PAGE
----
Sporting a wry grin, he added: “I don’t know what the class attendance was like on Friday for students, though, so that might be a negative effect.”
It’s tough to argue that Madison hasn’t been victimized by circumstance, but it is fair to wonder what the real cost of all these scheduling oddities are. After all, it would have likely taken a galactic cataclysm for either Norfolk State or Robert Morris to upset JMU. But there still may be a cost attached to September's logistical quirks, starting this week — the beginning of conference play. It would be impossible to predict exactly how an off-kilter start to the season could affect in-season practice, coaching and player development, but it’s not crazy to imagine that the inconvenience has some sort of attached cost, somewhere down the ledger.
That’s doubly true in a monstrously deep conference like the CAA, which has already seen it’s preseason No. 2 (New Hampshire), No. 3 (Delaware) and No. 5 (Villanova) all lose conference-opening contests at the hands of teams picked to finish in the bottom half of the league.
All that brings us full-circle, back to JMU (selected No. 1 in the preseason) and its pending game with William & Mary (selected No. 11 in the preseason). In a month full of plenty of unfamiliarity, both local and regional, the Dukes have the chance to get back on schedule against perhaps their most familiar foe.
Nothing will come easy, though.
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William & Mary was the first in-state Division I team to ever play JMU in Harrisonburg. It was also, believe it or not, the last CAA team to beat JMU. That happened back in 2015, in the aftermath of Madison’s College GameDay loss to Richmond. Former quarterback Bryan Schor acquitted himself well in his first start as a Duke, but the Tribe edged out JMU, 44-41, and eventually claimed a share of the conference title.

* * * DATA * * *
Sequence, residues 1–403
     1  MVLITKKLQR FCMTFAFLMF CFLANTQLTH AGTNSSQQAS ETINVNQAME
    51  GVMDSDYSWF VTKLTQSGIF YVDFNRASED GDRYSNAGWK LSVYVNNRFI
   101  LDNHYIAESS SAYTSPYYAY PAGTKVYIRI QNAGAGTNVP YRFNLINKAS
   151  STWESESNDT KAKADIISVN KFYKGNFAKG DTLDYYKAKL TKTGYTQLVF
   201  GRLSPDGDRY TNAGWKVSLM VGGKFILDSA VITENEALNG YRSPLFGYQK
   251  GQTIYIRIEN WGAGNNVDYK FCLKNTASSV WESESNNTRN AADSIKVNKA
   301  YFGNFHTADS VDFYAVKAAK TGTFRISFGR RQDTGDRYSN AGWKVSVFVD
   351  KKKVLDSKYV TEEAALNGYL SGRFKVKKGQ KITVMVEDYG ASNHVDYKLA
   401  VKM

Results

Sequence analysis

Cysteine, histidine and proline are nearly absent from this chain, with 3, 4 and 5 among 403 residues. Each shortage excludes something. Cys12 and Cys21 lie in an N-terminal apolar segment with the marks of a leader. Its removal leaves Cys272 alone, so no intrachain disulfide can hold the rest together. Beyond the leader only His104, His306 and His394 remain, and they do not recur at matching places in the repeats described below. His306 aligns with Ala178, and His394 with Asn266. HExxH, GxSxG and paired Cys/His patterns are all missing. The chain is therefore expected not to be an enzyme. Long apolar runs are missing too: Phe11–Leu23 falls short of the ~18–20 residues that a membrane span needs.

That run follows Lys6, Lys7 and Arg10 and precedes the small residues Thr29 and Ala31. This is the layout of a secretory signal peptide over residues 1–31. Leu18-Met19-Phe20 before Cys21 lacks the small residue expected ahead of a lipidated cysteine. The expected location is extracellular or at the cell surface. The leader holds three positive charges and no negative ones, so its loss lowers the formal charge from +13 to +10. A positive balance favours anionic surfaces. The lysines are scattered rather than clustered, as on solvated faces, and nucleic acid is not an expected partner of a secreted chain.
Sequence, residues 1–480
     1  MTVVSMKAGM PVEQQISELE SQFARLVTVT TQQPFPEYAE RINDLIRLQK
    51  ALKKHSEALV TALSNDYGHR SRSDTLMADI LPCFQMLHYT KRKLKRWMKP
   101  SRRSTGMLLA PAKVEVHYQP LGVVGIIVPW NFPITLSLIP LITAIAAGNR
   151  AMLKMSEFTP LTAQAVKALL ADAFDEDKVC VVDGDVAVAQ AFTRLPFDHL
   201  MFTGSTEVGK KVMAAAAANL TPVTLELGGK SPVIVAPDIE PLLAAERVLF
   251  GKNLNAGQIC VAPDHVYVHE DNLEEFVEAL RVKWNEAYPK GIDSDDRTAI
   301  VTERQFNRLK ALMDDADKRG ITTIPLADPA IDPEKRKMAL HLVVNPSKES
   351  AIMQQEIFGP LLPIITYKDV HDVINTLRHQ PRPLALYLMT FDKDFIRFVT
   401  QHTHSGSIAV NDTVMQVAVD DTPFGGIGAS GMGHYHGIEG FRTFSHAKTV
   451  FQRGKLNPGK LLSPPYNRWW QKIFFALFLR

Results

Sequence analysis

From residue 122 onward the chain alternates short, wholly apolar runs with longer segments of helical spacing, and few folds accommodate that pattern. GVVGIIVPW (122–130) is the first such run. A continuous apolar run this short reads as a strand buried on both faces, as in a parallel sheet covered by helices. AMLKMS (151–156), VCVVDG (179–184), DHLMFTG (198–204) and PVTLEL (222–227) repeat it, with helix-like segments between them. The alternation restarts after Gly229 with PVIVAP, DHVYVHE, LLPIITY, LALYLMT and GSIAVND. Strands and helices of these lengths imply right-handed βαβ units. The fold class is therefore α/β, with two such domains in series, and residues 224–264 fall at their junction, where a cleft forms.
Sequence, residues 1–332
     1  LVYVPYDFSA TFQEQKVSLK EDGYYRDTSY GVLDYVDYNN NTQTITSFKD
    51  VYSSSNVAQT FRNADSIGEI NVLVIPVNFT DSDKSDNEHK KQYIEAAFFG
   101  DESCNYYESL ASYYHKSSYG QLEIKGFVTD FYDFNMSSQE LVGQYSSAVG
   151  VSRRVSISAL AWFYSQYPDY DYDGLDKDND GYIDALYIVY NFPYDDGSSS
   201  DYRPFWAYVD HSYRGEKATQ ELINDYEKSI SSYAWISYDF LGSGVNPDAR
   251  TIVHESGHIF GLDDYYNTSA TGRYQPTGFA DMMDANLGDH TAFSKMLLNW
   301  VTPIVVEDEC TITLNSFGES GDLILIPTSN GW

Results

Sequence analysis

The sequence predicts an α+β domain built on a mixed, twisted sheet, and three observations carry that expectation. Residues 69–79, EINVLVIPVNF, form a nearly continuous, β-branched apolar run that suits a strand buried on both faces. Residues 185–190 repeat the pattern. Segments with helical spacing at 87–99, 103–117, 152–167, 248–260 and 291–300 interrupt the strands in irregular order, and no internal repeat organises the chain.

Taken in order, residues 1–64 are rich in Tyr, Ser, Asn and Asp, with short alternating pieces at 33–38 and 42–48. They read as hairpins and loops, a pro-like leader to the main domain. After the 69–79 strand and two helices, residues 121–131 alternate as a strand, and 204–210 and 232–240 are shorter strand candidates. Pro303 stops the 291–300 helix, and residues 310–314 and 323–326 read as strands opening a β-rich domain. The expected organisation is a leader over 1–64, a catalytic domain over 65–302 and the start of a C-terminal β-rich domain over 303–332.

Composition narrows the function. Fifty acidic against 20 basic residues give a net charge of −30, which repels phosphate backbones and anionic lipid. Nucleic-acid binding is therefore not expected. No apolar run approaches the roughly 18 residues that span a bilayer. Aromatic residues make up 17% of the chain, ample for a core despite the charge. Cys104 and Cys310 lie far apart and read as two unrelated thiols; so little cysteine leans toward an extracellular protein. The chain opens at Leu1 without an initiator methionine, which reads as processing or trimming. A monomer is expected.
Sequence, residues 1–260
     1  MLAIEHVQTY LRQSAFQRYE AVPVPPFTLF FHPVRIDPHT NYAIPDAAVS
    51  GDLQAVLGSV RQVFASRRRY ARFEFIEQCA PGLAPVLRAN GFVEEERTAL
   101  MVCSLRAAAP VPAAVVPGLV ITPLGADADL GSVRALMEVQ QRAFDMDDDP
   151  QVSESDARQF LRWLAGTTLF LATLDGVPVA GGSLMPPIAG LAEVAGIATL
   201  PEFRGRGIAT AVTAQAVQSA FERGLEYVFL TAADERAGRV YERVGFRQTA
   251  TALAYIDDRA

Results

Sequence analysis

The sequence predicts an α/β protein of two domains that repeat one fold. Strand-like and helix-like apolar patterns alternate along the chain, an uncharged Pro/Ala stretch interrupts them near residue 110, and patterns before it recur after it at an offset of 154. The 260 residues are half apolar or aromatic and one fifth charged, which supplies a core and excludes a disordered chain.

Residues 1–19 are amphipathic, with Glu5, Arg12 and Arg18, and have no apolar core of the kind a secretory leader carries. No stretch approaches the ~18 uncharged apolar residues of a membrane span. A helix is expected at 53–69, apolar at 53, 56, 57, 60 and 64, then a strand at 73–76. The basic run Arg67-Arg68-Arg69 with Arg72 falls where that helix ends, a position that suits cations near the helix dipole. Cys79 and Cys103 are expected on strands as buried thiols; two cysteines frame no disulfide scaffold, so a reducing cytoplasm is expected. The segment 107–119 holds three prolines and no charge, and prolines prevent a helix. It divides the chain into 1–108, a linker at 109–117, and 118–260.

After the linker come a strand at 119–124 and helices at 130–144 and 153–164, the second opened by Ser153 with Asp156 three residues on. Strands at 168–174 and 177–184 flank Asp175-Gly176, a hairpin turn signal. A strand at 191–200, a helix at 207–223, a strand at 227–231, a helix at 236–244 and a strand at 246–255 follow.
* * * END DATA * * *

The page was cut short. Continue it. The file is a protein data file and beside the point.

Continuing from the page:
Since then, Coach Houston has supercharged the JMU Football program, but games with William & Mary haven't exactly been one-sided. The Tribe finished last in the CAA in 2017, but still limited JMU's supersonic offense to only 19 points in the first half of last season’s game; the year before that, in the midst of the Dukes’ national ascension, Kendell Anderson rushed for 149 yards, and William & Mary played JMU within one score in Harrisonburg.
As if Saturday's game needed any more subtext, it’ll also be William & Mary coach Jimmye Laycock’s final visit to Harrisonburg, pending an unforeseen playoff rematch. Laycock announced in August that he will retire at the end of this season, his 39th and final year in Williamsburg.
“He’s someone I have a tremendous amount of respect for,” Houston said earlier this week. “The longevity, the fact that he’s performed at such a high level for William & Mary, I don’t know that you’ll see a coach do what he’s done, maybe ever again.”
So in a way, it’s fitting that JMU re-centers itself after a wild first month with one last contest against Laycock's William & Mary squad. After a strange opening sequence, Madison will attempt to stave off another unexpected event — a loss in CAA play — on its way back toward a third national championship appearance.
“They’re a bully offense, and they’ll run the ball right down your face,” Carter said of William & Mary. "We gotta be ready to man up and get physical. It’s time to lock it down.”